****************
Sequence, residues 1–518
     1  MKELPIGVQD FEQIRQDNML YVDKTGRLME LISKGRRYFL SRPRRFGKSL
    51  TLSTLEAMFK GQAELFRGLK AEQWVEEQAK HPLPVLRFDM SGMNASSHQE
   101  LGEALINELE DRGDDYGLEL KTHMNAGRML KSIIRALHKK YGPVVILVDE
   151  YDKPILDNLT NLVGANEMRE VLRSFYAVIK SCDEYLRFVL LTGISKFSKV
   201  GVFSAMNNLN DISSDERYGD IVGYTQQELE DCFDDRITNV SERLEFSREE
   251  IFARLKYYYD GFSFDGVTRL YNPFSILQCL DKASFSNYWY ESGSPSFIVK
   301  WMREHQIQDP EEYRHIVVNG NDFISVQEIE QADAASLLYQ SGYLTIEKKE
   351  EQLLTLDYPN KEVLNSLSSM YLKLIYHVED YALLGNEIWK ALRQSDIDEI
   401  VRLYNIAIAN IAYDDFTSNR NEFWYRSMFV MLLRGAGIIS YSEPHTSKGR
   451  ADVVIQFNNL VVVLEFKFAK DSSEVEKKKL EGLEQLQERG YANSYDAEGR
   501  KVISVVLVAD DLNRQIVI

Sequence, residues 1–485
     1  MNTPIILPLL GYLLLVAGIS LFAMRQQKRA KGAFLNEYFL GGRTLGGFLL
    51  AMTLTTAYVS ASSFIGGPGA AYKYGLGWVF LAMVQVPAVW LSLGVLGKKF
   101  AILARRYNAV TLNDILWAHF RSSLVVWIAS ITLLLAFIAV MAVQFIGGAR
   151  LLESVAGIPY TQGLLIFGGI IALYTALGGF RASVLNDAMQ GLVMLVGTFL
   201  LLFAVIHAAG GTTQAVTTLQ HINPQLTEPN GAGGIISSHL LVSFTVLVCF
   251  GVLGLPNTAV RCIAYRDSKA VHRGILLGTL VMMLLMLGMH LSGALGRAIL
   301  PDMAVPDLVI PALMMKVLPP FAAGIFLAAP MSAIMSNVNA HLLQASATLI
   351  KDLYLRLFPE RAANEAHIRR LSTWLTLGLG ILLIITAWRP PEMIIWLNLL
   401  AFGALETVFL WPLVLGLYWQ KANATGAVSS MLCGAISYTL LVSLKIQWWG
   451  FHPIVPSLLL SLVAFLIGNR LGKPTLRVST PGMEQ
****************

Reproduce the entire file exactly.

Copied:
Sequence, residues 1–518
     1  MKELPIGVQD FEQIRQDNML YVDKTGRLME LISKGRRYFL SRPRRFGKSL
    51  TLSTLEAMFK GQAELFRGLK AEQWVEEQAK HPLPVLRFDM SGMNASSHQE
   101  LGEALINELE DRGDDYGLEL KTHMNAGRML KSIIRALHKK YGPVVILVDE
   151  YDKPILDNLT NLVGANEMRE VLRSFYAVIK SCDEYLRFVL LTGISKFSKV
   201  GVFSAMNNLN DISSDERYGD IVGYTQQELE DCFDDRITNV SERLEFSREE
   251  IFARLKYYYD GFSFDGVTRL YNPFSILQCL DKASFSNYWY ESGSPSFIVK
   301  WMREHQIQDP EEYRHIVVNG NDFISVQEIE QADAASLLYQ SGYLTIEKKE
   351  EQLLTLDYPN KEVLNSLSSM YLKLIYHVED YALLGNEIWK ALRQSDIDEI
   401  VRLYNIAIAN IAYDDFTSNR NEFWYRSMFV MLLRGAGIIS YSEPHTSKGR
   451  ADVVIQFNNL VVVLEFKFAK DSSEVEKKKL EGLEQLQERG YANSYDAEGR
   501  KVISVVLVAD DLNRQIVI

Sequence, residues 1–485
     1  MNTPIILPLL GYLLLVAGIS LFAMRQQKRA KGAFLNEYFL GGRTLGGFLL
    51  AMTLTTAYVS ASSFIGGPGA AYKYGLGWVF LAMVQVPAVW LSLGVLGKKF
   101  AILARRYNAV TLNDILWAHF RSSLVVWIAS ITLLLAFIAV MAVQFIGGAR
   151  LLESVAGIPY TQGLLIFGGI IALYTALGGF RASVLNDAMQ GLVMLVGTFL
   201  LLFAVIHAAG GTTQAVTTLQ HINPQLTEPN GAGGIISSHL LVSFTVLVCF
   251  GVLGLPNTAV RCIAYRDSKA VHRGILLGTL VMMLLMLGMH LSGALGRAIL
   301  PDMAVPDLVI PALMMKVLPP FAAGIFLAAP MSAIMSNVNA HLLQASATLI
   351  KDLYLRLFPE RAANEAHIRR LSTWLTLGLG ILLIITAWRP PEMIIWLNLL
   401  AFGALETVFL WPLVLGLYWQ KANATGAVSS MLCGAISYTL LVSLKIQWWG
   451  FHPIVPSLLL SLVAFLIGNR LGKPTLRVST PGMEQ